Becoming an English teacher in Spain is not easy, which is why I chose to become an estate agents in Javea, but it can be very rewarding. There are many foreigners in Spain who want to teach English and are qualified, so competition is high. Finding work outside of schools requires a lot of elbow grease and shoe leather. Following these steps will help you avoid some of the pitfalls that can occur with moving to Spain and finding a job teaching English.
- The easiest way to find a job in Spain is to actually be there, which means you’ll have to find housing. Move to Spain and get housing while getting your TEFL certification or after you’re certified. Many programs will arrange for housing where you are getting your certification, which makes it easier to adjust. Sites like LoQuo.com can help you arrange housing from afar.
- The most important thing you can get is your TEFL certification. Schools and private students will often ask for proof that you can teach English, and the TEFL certification process will help you learn what to expect with students.
- You can obtain this certification at home, through an Internet course or in Spain. The advantage of doing it at home or over the Internet is that you can save money on living expenses and go through the certification while you are holding down another job. The advantage of doing it in Spain is that you will be able to look for a job as you study, and you will be able to learn about the city and culture where you’ll be teaching. You will also network with other teachers who can help you find jobs or students.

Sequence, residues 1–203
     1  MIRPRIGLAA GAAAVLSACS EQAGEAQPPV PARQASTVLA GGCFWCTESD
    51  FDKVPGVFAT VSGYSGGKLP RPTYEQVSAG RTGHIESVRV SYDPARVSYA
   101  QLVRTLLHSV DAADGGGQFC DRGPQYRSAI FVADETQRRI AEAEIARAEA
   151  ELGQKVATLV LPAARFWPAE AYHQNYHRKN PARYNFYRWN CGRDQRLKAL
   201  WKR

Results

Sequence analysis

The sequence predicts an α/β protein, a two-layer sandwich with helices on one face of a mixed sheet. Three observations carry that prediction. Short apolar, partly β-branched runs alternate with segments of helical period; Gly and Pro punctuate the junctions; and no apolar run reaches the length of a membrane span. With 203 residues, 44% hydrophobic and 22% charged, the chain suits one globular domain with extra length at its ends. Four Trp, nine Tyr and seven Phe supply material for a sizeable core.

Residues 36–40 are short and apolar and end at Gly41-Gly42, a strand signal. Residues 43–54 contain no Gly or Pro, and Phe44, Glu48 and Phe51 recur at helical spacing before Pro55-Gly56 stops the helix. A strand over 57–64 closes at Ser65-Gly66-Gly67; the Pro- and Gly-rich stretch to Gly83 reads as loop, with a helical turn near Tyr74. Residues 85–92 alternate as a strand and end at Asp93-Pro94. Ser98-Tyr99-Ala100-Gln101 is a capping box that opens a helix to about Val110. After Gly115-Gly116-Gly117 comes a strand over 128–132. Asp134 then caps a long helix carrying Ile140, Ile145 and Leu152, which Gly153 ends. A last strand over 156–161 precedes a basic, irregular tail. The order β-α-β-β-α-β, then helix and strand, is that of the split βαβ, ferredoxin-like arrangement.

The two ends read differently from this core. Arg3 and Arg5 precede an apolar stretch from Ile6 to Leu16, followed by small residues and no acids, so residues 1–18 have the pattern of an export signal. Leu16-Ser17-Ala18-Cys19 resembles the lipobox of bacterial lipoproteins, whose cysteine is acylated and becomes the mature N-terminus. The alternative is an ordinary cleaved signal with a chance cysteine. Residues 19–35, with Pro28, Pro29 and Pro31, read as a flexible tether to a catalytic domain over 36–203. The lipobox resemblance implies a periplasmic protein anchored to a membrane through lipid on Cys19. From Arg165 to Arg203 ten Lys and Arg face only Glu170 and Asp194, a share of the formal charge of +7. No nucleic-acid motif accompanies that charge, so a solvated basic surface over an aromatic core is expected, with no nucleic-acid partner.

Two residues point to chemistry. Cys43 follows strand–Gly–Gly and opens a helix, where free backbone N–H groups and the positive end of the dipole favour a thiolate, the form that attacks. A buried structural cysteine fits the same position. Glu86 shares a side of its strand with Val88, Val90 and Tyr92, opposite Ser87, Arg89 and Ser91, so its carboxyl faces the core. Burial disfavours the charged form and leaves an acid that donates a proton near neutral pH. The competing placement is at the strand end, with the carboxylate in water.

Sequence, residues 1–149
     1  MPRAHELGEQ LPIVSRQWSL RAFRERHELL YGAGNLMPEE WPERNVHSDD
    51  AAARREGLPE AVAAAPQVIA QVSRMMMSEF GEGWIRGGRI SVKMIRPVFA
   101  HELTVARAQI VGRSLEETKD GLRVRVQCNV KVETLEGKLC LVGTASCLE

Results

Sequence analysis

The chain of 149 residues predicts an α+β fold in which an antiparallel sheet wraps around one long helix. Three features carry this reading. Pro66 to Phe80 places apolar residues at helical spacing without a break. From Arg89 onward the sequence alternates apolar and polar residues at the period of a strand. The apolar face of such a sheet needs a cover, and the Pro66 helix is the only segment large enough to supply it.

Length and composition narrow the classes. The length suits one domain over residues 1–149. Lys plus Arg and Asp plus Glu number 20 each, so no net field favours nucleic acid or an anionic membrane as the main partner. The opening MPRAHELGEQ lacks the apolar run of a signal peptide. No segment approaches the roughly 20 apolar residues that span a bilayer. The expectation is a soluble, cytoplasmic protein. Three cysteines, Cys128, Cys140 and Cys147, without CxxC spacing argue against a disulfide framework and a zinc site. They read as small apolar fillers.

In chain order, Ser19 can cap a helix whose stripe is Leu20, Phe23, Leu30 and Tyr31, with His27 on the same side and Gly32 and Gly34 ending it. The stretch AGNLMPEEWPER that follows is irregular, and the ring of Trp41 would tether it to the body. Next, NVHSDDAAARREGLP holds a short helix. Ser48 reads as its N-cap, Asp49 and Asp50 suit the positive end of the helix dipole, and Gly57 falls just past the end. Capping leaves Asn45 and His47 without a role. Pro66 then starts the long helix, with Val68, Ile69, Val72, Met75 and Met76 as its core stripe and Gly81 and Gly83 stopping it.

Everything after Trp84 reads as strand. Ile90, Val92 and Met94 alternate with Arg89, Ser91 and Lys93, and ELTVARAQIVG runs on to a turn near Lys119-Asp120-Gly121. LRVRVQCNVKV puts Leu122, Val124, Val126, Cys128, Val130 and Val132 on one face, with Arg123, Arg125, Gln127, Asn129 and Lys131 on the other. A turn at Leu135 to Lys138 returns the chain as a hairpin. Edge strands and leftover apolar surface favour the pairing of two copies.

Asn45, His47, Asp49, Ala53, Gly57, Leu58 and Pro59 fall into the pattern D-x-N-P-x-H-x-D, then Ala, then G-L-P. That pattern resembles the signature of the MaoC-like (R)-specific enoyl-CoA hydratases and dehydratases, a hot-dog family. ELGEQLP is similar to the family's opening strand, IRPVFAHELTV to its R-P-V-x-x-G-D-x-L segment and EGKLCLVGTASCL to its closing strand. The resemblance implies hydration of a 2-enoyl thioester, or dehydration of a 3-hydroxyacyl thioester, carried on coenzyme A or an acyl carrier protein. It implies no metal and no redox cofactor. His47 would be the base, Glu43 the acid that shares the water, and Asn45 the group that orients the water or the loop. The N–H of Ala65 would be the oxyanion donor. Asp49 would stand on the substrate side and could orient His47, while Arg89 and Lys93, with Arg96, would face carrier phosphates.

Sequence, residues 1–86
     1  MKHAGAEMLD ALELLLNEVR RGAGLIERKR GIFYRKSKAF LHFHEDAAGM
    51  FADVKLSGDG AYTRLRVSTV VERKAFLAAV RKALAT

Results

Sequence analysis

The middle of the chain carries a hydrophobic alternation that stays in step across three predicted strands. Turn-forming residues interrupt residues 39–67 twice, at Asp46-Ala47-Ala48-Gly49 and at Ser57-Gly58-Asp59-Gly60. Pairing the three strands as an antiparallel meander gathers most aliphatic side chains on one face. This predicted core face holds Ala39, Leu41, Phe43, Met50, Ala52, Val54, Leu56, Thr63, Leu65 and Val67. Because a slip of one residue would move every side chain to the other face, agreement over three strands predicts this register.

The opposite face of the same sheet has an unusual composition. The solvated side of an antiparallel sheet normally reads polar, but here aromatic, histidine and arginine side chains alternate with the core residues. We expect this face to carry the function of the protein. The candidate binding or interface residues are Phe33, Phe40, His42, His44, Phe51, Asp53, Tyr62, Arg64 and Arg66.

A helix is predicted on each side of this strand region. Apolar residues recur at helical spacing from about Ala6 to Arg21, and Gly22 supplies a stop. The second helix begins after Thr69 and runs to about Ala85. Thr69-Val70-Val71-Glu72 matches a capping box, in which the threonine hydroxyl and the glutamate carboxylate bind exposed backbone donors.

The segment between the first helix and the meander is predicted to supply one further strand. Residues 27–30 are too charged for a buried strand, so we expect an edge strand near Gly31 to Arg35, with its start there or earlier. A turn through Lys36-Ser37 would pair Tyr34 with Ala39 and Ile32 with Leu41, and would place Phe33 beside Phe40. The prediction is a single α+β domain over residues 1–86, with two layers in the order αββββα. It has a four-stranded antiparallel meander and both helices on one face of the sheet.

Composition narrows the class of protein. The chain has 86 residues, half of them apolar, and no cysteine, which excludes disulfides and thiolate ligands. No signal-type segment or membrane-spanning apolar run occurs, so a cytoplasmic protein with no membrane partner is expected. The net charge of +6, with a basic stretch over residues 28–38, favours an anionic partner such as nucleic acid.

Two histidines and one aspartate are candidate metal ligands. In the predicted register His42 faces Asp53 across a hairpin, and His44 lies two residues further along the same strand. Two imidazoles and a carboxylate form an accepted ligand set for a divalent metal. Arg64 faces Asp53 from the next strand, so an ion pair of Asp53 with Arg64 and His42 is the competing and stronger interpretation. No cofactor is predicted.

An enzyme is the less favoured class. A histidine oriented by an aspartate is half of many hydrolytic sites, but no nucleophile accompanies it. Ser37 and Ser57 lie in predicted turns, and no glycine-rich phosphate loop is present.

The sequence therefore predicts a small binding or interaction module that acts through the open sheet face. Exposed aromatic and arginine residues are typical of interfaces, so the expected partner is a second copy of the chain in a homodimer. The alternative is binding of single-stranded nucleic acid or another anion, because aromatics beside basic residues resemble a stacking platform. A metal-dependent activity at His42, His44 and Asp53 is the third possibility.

- If you are a European citizen, you will not need a work permit to teach in Spain. For citizens of other countries, you should apply to work legally in the European Union.
- European/British citizens will find it easier to get jobs in Spain, since they will not need to go through the work permit hassles non-Europeans have to go through. In addition, many European students prefer learning from teachers with British accents, since many English speakers they will encounter will be British citizens with British accents.
- If you are not a European citizen, the first thing you will need to do is get working papers to work legally in Spain. Check with a Spanish attorney to determine best how to do this.
- Most teachers prefer to work in schools, since schools provide their teachers with materials, course structures, students, a schedule and – most importantly – regular pay. Search in your city for English schools and go there with your certification and resume to apply for a job. Meet with the owners; sometimes, they will create jobs for English teachers they like who are also eager to work.
- If you do not want to teach in a school, or you can’t find a job in a school, consider private students. While they are difficult to find, you will be able to set your own pay rate and you will have more flexibility in your schedule.
- To get private students, you will have to advertise. If you speak Spanish, you will be able to make your own posts or flyers. If you don’t speak Spanish, find a local who can write and design a flyer for you. Many local advertising or marketing students will help you for a few Euros.
- Post your advertisements on LoQuo.com or other local Web sites. In addition, make paper flyers and post them around the city (observing local posting ordinances), and give flyers to businesses to pass out to their workers.
- The most important thing to do is persevere. It is difficult to make a living as a foreign English teacher, but if you stick with it, you will find that you can make a very comfortable living and have a great time doing it.
lable from Spanish banks, although they have reduced their lending since the property-market crash.